The Department of Theatre, Speech & Dance at William & Mary has decided to suspend operations of the main performance season of the Virginia Shakespeare Festival for the coming three years.
Its very popular education program, the Young Shakespeare Camps, is planned to be offered during the summer and even likely expanded to meet the demand.
The festival experienced a 23 percent drop in attendance this past summer, and that, when combined with a consistent decline since 2009 that has seen the loss of 56 percent of previous audience numbers and the scheduled closure of Phi Beta Kappa Memorial Hall for renovations in May of 2018, has caused the department to take this time to re-evaluate what summer theatre it might offer. This decline is part of a nationwide shift in audience preferences that has seen the closing of the main Shakespeare Festivals of both Georgia and North Carolina in the last five years.
“The Department of Theatre, Speech & Dance – the governing body of the festival – took a hard look at the future and the options available to us given the realities of mounting major productions in Williamsburg at this time,” said Producing Artistic Director Christopher Owens. “I concur with their overwhelming vote to suspend main stage production of a Shakespeare-based company and will work with all of the rest of the faculty to re-evaluate what we might offer to our community in the future. I am pleased that our education program will likely remain, at least for the upcoming summer, as its popularity and impact upon the many hundreds of young people it has introduced to Shakespeare is a source of great pride.”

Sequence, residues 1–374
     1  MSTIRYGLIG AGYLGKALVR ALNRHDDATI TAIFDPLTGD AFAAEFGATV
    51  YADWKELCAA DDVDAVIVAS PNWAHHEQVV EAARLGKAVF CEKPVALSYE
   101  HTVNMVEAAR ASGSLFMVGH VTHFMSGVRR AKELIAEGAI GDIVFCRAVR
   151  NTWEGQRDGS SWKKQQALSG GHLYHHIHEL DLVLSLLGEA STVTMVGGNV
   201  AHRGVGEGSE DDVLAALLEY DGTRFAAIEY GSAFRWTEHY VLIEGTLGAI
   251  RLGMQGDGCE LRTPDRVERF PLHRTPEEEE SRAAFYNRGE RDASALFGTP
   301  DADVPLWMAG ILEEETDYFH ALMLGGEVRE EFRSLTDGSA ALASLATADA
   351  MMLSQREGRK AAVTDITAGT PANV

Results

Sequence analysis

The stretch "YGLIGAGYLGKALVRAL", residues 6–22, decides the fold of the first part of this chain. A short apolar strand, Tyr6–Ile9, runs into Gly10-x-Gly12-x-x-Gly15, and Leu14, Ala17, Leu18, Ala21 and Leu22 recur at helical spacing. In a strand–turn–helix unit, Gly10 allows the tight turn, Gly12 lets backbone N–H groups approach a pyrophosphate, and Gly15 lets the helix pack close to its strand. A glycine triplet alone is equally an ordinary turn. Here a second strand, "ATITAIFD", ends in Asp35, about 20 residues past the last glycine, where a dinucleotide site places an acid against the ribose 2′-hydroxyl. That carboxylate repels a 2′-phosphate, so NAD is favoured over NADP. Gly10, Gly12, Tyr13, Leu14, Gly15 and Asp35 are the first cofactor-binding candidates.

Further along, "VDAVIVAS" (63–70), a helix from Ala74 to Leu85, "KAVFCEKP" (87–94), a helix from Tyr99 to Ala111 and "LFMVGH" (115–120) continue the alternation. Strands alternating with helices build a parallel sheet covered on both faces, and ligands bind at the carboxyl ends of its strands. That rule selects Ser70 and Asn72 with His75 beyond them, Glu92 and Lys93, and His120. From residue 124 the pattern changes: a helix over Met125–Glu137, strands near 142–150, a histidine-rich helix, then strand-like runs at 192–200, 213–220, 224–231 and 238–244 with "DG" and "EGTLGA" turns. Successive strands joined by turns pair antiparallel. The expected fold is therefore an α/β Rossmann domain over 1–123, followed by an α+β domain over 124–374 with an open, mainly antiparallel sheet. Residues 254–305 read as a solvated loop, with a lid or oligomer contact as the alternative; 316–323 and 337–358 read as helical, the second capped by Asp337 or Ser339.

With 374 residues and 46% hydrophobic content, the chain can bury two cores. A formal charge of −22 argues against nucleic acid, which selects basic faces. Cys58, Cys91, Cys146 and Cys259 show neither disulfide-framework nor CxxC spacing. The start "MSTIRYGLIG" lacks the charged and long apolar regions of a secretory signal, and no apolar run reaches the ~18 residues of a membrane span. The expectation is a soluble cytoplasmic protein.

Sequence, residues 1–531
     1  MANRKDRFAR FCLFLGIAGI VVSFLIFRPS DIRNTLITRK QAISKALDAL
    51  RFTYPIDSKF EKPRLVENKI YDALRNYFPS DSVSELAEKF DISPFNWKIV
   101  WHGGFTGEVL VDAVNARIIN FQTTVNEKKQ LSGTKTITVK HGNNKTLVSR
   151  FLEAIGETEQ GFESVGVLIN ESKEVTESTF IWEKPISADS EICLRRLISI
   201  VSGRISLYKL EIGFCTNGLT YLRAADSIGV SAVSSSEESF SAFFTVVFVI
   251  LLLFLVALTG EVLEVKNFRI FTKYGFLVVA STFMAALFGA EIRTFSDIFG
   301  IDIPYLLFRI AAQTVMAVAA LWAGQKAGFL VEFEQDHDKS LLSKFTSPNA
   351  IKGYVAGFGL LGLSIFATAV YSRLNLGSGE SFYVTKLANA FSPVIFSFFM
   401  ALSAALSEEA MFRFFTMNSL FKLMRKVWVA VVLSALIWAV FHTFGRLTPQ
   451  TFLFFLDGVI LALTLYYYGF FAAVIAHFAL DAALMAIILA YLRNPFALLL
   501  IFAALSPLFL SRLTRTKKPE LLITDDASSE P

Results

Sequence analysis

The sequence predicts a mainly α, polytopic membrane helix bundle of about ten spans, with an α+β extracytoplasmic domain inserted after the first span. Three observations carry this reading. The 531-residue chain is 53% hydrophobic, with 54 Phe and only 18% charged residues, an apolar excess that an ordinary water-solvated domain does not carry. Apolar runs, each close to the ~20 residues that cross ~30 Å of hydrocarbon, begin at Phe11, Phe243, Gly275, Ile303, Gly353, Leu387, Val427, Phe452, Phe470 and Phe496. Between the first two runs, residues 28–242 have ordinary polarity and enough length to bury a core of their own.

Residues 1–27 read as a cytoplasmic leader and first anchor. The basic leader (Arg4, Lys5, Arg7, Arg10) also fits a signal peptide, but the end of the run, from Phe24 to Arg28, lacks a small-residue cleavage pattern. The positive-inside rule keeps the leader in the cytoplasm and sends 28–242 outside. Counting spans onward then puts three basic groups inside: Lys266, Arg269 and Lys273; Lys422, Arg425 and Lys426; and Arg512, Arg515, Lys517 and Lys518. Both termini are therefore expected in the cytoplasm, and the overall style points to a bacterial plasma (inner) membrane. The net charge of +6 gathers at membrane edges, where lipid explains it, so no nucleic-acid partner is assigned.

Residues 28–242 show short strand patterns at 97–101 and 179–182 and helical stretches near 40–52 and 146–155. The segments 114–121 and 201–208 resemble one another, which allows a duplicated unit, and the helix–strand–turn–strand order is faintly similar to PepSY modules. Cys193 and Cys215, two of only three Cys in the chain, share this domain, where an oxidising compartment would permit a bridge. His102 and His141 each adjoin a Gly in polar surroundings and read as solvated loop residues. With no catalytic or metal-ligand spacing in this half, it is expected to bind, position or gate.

The Virginia Shakespeare Festival was founded in 1978 by members of the department following the closure of the outdoor drama “The Common Glory” in 1975. It produced 38 seasons of live professional theatre in Phi Beta Kappa Memorial Hall and launched the theatrical careers of many William & Mary students. During that time, it presented all but five of Shakespeare’s canon of plays as well as two original musical versions of “Pericles” and “Twelfth Night.”
The department will look toward the re-opening of a renovated PBK Memorial Hall as the stimulus for launching of a new summer theatre program, Owens said.
The festival will continue to seek support in the form of contributions and grants for its education program. The registration window opens Feb. 15, 2017, for camps occurring in June and July of 2017 – much upon the same model as in past years, with an additional week being scheduled to meet projected demand.